• 1834: Oliver Cowdery published the beginning elements of the First Vision story as part of a history of the Church [(December 1834) Latter Day Saints' Messenger and Advocate 1:43.]
      • 1835: William W. Phelps published a reference to the First Vision in October 1835 in the Church's newspaper [(October 1835) Latter Day Saints' Messenger and Advocate 2:208.]
      • 1836: The First Vision reference by William W. Phelps was republished as part of hymn #26 in the Saints' first hymnal—March 1836 (see Encyclopedia of Mormonism, 1176).
    • In short, when the published 1830s fragments of the First Vision story are compared to the as-yet-unpublished 1838 recital, it becomes apparent that the Prophet's account of things stayed steady during this time frame and was probably known among a wider cross-section of the contemporary LDS population than has been previously acknowledged by Joseph’s critics.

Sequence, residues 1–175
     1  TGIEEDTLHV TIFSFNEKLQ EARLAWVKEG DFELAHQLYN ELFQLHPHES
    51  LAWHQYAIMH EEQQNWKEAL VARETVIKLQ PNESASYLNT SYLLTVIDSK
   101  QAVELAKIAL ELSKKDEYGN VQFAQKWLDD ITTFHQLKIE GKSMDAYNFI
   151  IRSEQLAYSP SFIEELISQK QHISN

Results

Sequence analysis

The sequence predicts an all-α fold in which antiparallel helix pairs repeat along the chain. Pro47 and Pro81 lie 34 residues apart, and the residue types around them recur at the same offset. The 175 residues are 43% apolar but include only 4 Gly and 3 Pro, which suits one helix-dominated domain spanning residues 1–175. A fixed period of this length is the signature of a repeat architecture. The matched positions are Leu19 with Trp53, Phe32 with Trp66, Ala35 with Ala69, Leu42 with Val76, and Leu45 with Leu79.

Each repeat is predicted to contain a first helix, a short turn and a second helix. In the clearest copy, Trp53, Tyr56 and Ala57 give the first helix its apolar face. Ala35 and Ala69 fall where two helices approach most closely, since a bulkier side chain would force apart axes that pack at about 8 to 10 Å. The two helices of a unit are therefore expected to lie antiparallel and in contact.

• Question: Did early Church members complain that Joseph changed his story of the First Vision?
      Answer: No
    This criticism was only made decades after Joseph's death. Contemporary members and apostates never raised the issue—that seems strange if early members of the Church (many of whom later left) had reason to believe that Joseph was changing his story. This criticism of Joseph only became possible after a lot of historical distance sat between him and those exposed to the criticism.
    • Question: Was the First Vision as we teach today not perceived as the same foundational event of the church that it is today?
      Answer: No
    Critics have downplayed the vast evidence that shows how important the First Vision was even to 19th century members. See here.